“Employers in Ireland when interviewing you are meant to only evaluate you on your application and interview. We all know they’ll Google you too though and if those results are negative, it can harm their impression of you. So control the front page of Google for your name. Have a website or a blog or a LinkedIn page or a Twitter account so at least the first five results about you are platforms/sites where you control the message.”

It’s permanent

“What you say on the Internet is permanent, even if you delete it. Archive.org and even Google cache old webpages and lots of people can screenshot a tweet you made where you were tired or stressed and let rip on someone or some company. Always, always be conscious that if you say something on Twitter or Facebook, it is like writing it into a permanent public record,” says Mulley.

Don’t make the mistake

Damien talks us through what to do and what NOT to do online…

DON’T

think you’re having a semi-private conversation. Social media is not being at a restaurant and having a conversation just between you and friends around the table. It’s like having a recording device left in the middle of the table which is then uploaded to the internet.

DON’T

think everyone you’re connected to online has your back. Some will happily direct people to one of your mistakes online. How much do you really know about a Facebook pal?

DO

be nice (which is hopefully being yourself). It may take a little getting used to but keep asking yourself, “What I’m typing can be seen by the world, am I okay with this?” After a while it becomes like muscle memory and you become a little more aware of it.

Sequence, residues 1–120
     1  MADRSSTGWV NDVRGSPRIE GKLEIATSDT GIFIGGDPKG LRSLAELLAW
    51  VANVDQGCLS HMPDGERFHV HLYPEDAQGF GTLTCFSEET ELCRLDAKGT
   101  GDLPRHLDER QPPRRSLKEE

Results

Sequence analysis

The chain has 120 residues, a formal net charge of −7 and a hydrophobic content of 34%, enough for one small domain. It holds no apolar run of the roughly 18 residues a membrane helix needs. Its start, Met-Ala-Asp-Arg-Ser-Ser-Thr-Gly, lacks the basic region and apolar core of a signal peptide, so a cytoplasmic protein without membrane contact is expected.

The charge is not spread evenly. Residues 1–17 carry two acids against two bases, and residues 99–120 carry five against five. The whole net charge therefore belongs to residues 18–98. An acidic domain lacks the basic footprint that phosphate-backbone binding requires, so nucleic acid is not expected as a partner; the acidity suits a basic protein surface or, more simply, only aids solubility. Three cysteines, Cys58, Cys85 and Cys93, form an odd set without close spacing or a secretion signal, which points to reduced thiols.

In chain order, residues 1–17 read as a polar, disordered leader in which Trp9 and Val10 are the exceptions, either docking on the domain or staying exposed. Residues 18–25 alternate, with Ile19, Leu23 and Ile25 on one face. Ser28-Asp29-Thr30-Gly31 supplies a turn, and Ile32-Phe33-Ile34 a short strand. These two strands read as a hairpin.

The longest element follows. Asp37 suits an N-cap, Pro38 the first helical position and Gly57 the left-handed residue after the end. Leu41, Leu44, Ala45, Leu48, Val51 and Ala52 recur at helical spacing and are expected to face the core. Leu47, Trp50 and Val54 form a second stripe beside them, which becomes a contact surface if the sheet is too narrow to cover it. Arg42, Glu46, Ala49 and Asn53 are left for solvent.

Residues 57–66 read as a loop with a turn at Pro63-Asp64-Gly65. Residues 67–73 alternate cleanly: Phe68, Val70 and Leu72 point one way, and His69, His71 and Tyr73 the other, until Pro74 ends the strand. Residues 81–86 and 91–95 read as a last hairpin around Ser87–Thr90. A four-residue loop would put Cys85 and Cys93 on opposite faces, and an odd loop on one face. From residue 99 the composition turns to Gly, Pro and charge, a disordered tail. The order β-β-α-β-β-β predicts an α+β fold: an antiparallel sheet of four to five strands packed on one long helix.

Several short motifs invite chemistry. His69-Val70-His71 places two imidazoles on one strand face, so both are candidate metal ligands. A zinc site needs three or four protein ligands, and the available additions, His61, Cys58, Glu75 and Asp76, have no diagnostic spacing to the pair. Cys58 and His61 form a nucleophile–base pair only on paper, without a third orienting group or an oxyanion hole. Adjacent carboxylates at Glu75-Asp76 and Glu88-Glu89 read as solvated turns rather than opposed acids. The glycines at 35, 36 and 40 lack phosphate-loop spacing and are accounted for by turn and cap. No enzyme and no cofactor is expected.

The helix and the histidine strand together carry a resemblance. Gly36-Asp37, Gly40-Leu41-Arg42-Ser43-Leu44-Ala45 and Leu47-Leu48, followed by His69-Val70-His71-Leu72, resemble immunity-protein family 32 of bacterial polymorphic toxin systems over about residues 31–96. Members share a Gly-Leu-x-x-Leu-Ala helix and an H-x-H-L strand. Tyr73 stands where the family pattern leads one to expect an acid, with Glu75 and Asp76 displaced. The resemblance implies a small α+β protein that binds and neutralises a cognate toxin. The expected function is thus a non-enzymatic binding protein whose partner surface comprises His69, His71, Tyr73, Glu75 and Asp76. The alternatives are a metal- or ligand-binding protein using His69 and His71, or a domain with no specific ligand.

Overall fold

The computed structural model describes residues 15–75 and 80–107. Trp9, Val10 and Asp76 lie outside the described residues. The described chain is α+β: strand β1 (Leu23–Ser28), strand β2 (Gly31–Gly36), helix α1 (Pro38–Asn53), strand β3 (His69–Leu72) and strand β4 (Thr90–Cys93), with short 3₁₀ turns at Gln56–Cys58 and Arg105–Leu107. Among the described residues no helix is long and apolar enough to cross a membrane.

DO

think about that PR lady recently in America that made a somewhat racist comment about Africa and AIDS as she was getting on her plane and by the time she landed, she was fired and her name was known around the world for all the wrong reasons. You don’t want to be that lady.

DO

be aware that it is very hard to get context in a single tweet or Facebook comment. With so little context, people can misinterpret what you say and go on their high horse quite quickly. Damage can be done even if what you said was perfectly innocent. I’m not trying to scare you away from social media and chances are you will never encounter this but it is worth being aware of all the possibilities.

 

NEVER EVER

If you are ANY of these people, just watch as your personal brand stocks plummets…

  • Oversharers. No one cares about your Athlete’s Foot or the thrush you got from antibiotics. No one. Except maybe your pharmacist.
  • PDA-ers. If you love your boyfriend, tell them. In private. No one else needs to hear it.
  • Teasers. “OMG I’ve just had THE best news. Watch this space.” *Unfollows*
  • Attention seekers. “Devastated. Don’t wanna talk about it.” Get OFF Facebook then?!
  • Abusers of the English language. Ruining our lives one “there, their, they’re” error at a time.
  • Text speakers. “Goin out 2nite bbz xoxo cant w8, guna b a grt 1 lol haha” Just. Can’t. Deal.
  • Life envy inducers. Oh, you’re swimming with elephants in Bali, ARE YOU? Ugh. *Cue beach pic*.
  • Humble braggers. “Just got told I look like Jennifer Lawrence. Haha, yeah right!” Oh get a life.
  • Motivators. We don’t need your ridiculous motivational quotes. Thanks. Shut it.
  • Egomaniacs. Every word you say isn’t dripping in gold and diamonds like you think it is. Ssh.